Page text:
Lymphoid Functional Anatomy. The role of secondary lymphoid organs in trapping antigens For Tuesday Week 6 Practical Workshop, Dunnbook Chapter 10 Comments and Feedback please to the Author, email@example.com. Start/help. Left-click anywhere to continue.
Download Policy: Content on the Website is provided to you AS IS for your information and personal use and may not be sold / licensed / shared on other websites without getting consent from its author.While downloading, if for some reason you are not able to download a presentation, the publisher may have deleted the file from their server.
The role of secondary lymphoid organs in trapping antigens
For Tuesday Week 6 Practical Workshop, Dunnbook Chapter 10
Comments and Feedback please to the Author, firstname.lastname@example.org
Left-click anywhere to continue
Left-click anywhere to continueUsing This Presentation – Help!
Help for this presentation
The lymphatics shown here are the superficial ones draining the skin. If all the lymphatics that drain organs were also shown, she would be green all over. Check that you know the difference between “lymphatic” and “lymphoid”. Why is it important to know the routes of lymphatics in cancer patients?
Here is a more detailed view in a child. Note the chains of nodes
Lymphatics and Lymphoid organs, overview
UnderarmLymph Node Chains in Three Body Regions
Try palpating an accessible node: see http://home.teleport.com/~bobh/Nodes.htm ) especially if you or your practical partner has an infection which has caused one to swell
Lymphnode chains in three regions
Compare scale with next slide
Here’s a chance to revise your knowledge of: Anterior, Posterior, Pre-, Supra-, Sub-….Surface Locations of Lymph Node Chainsin Head and Neck
A typical active lymph node, e.g. in an infection
Write a description of the immediate surroundings of the lymph node. The material in which it is embedded here is very typical.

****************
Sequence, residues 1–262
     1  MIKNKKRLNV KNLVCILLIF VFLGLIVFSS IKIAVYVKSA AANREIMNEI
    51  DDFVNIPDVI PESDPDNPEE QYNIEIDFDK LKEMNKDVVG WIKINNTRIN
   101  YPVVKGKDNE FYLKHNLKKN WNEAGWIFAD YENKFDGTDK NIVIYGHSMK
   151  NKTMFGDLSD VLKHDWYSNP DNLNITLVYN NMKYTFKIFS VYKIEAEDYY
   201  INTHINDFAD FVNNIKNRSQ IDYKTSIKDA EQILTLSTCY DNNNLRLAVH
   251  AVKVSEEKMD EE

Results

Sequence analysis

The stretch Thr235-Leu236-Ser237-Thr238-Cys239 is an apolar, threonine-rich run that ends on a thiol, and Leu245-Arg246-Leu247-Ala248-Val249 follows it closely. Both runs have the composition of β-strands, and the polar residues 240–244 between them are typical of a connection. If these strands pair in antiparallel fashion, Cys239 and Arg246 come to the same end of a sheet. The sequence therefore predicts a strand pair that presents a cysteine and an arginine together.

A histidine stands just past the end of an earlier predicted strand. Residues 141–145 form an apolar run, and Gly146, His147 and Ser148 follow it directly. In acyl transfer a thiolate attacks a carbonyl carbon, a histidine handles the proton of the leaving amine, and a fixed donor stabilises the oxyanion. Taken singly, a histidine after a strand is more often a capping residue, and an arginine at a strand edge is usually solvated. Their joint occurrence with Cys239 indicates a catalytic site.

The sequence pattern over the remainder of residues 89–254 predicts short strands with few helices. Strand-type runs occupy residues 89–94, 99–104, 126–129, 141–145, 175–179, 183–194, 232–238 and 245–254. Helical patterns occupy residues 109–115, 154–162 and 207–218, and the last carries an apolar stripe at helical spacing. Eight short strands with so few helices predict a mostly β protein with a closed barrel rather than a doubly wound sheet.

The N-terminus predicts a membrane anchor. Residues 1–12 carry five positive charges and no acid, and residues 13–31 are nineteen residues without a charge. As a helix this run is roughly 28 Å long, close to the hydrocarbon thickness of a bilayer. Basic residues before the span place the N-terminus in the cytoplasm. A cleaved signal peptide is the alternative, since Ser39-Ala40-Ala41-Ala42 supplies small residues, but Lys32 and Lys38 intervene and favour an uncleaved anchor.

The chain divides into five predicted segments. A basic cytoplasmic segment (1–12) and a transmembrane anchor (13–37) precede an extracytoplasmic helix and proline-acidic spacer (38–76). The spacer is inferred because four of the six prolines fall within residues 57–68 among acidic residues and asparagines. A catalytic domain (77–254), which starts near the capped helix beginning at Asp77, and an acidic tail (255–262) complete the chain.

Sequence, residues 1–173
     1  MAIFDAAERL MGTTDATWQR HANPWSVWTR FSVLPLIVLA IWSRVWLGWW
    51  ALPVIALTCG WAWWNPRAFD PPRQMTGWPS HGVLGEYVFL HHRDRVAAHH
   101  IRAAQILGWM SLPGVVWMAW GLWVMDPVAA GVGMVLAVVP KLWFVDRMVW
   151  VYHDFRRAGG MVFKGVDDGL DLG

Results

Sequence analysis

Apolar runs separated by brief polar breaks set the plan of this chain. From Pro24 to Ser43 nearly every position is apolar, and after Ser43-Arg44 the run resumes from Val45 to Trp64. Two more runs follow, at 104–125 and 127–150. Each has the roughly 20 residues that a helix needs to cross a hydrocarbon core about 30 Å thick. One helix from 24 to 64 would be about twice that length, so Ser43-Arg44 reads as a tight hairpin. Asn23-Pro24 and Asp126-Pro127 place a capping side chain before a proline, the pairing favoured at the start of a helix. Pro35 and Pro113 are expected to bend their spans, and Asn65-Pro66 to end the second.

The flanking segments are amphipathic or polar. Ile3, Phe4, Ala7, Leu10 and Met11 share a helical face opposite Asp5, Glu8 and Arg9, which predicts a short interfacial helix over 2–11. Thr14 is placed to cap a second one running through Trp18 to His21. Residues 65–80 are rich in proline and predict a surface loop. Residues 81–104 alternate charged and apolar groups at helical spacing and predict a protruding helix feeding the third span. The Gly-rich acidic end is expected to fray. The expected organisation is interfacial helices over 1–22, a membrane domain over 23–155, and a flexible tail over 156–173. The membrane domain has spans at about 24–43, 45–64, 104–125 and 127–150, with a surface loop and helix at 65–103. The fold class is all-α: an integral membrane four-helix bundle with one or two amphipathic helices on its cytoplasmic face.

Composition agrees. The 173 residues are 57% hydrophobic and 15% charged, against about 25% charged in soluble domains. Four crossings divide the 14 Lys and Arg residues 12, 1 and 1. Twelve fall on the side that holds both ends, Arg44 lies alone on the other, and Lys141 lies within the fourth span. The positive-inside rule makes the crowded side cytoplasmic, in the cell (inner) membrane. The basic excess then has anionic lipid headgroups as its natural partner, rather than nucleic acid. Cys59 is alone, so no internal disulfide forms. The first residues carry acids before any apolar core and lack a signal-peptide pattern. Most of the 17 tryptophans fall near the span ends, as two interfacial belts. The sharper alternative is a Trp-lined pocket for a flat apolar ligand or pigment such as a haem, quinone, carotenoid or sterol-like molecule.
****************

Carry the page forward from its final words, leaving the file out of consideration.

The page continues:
Surface Locations of Lymph Node Chains
It’s pretty important for clinicians to get it right between lymph node enlargement due to an immune response, and to a tumour. That’s part of clinical training, but you could start thinking now how a scientific approach could assist in making the distinctionCancer: enlarged Lymph Node with lymphoma
Pathologists are fond of food metaphors for the very inedible specimens they study. Can you think of other examples?
Compare scale with previous slide
Cut sections of this enlarged lymph node involved with high-grade non-Hodgkin's lymphoma in AIDS reveal a "strawberry sundae" appearance with swirls and globs of red in white.
An enlarged lymphomatous lymph node
Sketch a stick-man schematic to make it clear from which view this X-ray was taken
This illustrates the connections between chains of lymph nodes by lymphatics
What might be the likely biological purpose of arranging lymph nodes in a series of chains like this?
Anything odd in this image?
The Black DeathNecrosis (gangrene) of the tissue caused by plaguefromhttp://www.historique.net/microbes/pestis.htmlPlague
If the history and current status of plague epidemiology interest you, see the recent WHO report